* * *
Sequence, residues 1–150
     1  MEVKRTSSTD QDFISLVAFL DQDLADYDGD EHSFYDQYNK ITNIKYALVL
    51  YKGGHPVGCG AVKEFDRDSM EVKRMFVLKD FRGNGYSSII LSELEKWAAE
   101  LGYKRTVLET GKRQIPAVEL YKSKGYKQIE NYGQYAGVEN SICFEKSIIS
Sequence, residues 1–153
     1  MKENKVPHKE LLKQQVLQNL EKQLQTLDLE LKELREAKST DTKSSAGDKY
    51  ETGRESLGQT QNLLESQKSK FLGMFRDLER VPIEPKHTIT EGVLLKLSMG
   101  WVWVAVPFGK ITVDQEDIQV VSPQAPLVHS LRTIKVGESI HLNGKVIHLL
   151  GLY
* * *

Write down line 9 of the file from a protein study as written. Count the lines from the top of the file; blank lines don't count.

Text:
   151  GLY